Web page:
US Judge orders release of ex-acting AG Whitaker’s financial documents
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A federal judge has turned down the Justice Department’s bid to keep secret several financial disclosure forms acting Attorney General Matthew Whitaker submitted before his filings were formally accepted by ethics officials.
Acting on a Freedom of Information Act suit brought by BuzzFeed, U.S. District Court Judge Trevor McFadden ruled Wednesday that the draft financial disclosures are not eligible for protection under an exemption protecting the confidentiality of policy-making debates.
"The Court is unpersuaded by DOJ’s 'deliberative process' arguments," wrote McFadden, an appointee of President Donald Trump. “Whitaker’s draft forms do not bear the mark of the deliberative process.”
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The following is the full impeachment report on President Trump that the House Intelligence Committee released on Tuesday afternoon.The impeachment inquiry into Donald J. Trump, the 45th President of the United States, uncovered a months-long effort by President Trump to use the powers of his office to solicit foreign interference on his behalf in the 2020 election. As described in this executive summary and the report that follows, President Trump’s scheme subverted U.S. foreign policy toward Ukraine and undermined our national security in favor of two politically motivated investigations that would help his presidential reelection campaign.
McFadden noted that BuzzFeed was not seeking emails detailing the back-and-forth between Whitaker and his colleagues about the filings, but simply the forms themselves.
While the judge rejected DOJ’s bid for a categorical rule allowing secrecy for draft financial disclosures, he said he will allow the department to delete on privacy grounds any information that did not make it into the final reports because Justice officials decided Whitaker was not required to disclose it.
But any omissions by Whitaker will be evident from the drafts and any inaccurate or incomplete details that were later changed will be left in the new versions to be made public, McFadden ruled.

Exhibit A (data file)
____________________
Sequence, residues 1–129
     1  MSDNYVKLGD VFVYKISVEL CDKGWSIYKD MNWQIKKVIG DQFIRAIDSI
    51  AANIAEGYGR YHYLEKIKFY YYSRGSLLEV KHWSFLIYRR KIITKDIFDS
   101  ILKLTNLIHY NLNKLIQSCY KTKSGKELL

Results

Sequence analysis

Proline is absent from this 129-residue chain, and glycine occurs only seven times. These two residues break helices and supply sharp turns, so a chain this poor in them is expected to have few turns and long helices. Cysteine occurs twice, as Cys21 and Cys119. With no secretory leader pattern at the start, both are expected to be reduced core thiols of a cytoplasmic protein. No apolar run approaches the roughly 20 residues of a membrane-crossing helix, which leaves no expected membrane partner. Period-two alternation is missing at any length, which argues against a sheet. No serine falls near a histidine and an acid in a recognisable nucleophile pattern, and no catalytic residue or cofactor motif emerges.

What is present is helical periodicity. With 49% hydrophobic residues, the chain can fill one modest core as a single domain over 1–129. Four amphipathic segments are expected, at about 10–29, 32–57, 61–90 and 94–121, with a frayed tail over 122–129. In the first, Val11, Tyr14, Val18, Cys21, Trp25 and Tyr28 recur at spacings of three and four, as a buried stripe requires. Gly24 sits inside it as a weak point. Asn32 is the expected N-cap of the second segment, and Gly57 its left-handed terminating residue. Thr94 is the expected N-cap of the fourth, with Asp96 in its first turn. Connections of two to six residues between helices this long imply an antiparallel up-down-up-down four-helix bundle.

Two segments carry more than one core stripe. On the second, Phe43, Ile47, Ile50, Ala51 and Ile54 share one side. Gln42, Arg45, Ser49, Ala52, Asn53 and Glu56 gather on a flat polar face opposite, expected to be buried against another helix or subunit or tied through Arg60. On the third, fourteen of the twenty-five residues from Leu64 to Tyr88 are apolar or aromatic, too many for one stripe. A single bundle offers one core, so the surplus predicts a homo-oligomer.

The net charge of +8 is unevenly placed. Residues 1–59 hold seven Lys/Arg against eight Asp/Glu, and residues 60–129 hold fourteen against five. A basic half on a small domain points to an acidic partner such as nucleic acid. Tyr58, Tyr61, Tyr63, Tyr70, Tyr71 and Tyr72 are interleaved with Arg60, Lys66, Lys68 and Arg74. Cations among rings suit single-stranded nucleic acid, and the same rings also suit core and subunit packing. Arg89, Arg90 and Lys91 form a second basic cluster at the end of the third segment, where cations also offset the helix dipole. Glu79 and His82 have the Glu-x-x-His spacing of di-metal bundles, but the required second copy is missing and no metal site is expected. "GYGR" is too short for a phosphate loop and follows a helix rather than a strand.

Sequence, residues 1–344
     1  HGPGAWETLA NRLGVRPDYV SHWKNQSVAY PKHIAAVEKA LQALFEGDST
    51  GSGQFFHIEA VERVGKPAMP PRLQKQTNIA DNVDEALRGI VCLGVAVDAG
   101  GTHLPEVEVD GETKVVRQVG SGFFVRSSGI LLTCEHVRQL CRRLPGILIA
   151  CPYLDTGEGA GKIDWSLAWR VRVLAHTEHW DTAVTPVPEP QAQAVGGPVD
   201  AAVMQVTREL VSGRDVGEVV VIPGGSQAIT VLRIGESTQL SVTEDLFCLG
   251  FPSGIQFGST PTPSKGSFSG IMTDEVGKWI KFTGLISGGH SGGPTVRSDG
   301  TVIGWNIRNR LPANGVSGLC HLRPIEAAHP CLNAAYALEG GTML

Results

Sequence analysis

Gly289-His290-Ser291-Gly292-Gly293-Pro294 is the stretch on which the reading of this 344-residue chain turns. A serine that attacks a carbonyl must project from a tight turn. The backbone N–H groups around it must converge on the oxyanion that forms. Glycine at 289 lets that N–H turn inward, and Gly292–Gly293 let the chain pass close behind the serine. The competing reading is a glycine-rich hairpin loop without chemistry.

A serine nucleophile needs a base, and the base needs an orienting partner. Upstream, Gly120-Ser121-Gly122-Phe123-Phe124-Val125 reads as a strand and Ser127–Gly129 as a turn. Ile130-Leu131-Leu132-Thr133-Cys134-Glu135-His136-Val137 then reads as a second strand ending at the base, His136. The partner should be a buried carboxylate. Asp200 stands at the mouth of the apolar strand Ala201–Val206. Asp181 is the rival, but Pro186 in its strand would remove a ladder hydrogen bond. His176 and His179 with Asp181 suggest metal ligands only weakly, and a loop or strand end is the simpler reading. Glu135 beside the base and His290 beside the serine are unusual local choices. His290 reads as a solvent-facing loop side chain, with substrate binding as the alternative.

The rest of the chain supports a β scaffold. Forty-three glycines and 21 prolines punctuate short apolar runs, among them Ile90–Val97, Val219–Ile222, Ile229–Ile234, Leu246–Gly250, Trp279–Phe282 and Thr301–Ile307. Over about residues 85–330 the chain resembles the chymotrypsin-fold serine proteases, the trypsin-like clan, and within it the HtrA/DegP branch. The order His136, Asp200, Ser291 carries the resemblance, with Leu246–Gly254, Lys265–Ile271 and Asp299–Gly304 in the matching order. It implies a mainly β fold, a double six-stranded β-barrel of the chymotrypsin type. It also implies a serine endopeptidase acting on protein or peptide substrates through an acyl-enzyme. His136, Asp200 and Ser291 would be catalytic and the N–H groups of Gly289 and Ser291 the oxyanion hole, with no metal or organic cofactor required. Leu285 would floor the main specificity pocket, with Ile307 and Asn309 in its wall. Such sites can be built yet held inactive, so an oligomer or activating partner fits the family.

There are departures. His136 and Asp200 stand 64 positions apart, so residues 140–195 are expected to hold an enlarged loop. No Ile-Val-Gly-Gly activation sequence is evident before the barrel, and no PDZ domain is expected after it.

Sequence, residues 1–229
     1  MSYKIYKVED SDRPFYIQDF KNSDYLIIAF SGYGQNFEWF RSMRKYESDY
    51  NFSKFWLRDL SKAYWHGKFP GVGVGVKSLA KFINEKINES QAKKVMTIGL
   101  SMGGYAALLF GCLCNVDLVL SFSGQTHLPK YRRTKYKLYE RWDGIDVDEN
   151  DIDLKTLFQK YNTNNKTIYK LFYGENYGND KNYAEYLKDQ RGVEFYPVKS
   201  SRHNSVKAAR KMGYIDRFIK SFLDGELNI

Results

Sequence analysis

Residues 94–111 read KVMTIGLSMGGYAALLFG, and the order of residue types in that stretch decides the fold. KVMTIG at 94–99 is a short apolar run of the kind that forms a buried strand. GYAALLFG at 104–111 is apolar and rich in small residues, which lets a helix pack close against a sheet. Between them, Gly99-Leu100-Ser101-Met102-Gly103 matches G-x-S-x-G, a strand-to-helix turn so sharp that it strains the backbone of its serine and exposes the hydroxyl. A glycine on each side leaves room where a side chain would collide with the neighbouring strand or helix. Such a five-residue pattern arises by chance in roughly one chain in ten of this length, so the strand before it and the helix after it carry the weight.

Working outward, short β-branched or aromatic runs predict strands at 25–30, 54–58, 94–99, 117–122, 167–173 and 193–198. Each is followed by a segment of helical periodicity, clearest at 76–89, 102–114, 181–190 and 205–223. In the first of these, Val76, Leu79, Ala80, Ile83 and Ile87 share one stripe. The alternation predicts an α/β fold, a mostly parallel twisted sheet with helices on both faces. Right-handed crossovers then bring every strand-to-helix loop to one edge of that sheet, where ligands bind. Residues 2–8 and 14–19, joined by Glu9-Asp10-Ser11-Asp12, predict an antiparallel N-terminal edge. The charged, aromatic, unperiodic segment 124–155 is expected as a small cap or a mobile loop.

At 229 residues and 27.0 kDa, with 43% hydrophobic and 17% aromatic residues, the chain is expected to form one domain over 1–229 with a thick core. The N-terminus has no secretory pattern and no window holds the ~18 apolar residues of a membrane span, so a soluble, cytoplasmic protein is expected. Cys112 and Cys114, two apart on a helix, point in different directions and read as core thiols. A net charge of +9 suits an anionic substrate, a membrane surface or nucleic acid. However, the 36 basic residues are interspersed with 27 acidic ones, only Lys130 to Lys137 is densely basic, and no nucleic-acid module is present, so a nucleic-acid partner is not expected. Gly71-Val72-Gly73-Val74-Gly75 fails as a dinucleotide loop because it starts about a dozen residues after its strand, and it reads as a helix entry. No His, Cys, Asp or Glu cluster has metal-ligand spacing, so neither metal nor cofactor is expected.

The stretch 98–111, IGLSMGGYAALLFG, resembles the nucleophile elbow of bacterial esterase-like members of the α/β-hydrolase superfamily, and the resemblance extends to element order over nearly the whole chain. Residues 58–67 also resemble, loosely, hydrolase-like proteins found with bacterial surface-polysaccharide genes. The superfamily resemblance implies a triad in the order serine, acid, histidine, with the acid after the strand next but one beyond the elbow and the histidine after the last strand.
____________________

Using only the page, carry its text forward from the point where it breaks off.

Whitaker was required to submit a financial disclosure soon after he became Attorney General Jeff Sessions’ chief of staff in October 2017.
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Matthew Benedict took many blows to the head playing football, hockey and lacrosse throughout his childhood. His parents say it's why he is dead.There was football in the fall, hockey in the winter and lacrosse in the spring. In the summer, he and his brother and their buddies would head to Toronto for weekend hockey tournaments.
However, for reasons that are unclear, Whitaker’s initial disclosure was not fully processed by Justice’s ethics personnel until about a year later, when President Donald Trump bypassed the DOJ’s usual lines of succession to name Whitaker as acting attorney general after Sessions resigned.
In, Justice ethics officer Cynthia Shaw attributed the oversight to "administrative error." Late last year, another Justice official gave a similar explanation to Senate Democrats who inquired about the delay.
In hisresolving the case, the judge said there are seven draft versions of Whitaker’s initial report and seven drafts of his annual report for 2017.
Shaw argued against release of the drafts, saying it would be "a disservice" to the public and would discourage candor between filers and ethics office personnel.
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"Such disclosure would result in the public seeing reports that are incorrect," she wrote. "If filers believe that all iterations before finalization are going to be released, they may be less willing to work with their ethics officials to correct the report."
Whitaker, a former U.S. Attorney in Iowa, gave up his attorney general duties in February 2019 following the confirmation of Bill Barr as attorney general. Whitaker left the department a couple of weeks later.
Whitaker’s finances came under scrutiny over thehe was paid by the obscure legal ethics nonprofit Foundation for Accountability and Civic Trust between 2014 and 2017, as well as his work for a patent marketing firm that settled fraud allegations with the Federal Trade Commission last year.
Whitaker’s appointment as acting attorney general led to several legal challenges, but courts found them moot after Barr took over and ratified the department’s earlier decisions.
Federal judge Lynn Hughes resists adding more time for man who got 18 months in ISIS case .
A Spring man who completed a relatively light sentence for supporting ISIS militants in Syria was re-sentenced Friday to the exact same term by a Houston federal judge, meaning he won’t serve additional prison time. U.S. District Judge Lynn N. Hughes effectively told federal prosecutors that the defendant’s crimes, while serious, did not amount to much, and he had expressed consistent remorse for his involvement with violent extremists. The"Whenever the court reads some of the things I said, I think to myself, how could I have been so closed-minded?" asked Asher Khan as he studied for final exams on Tuesday, Dec. 10, 2019, in Houston. "My anger is more toward ISIS than anything else.
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LIVE: Acting attorney general Matthew Whitaker testifies before the House Judiciary Committee
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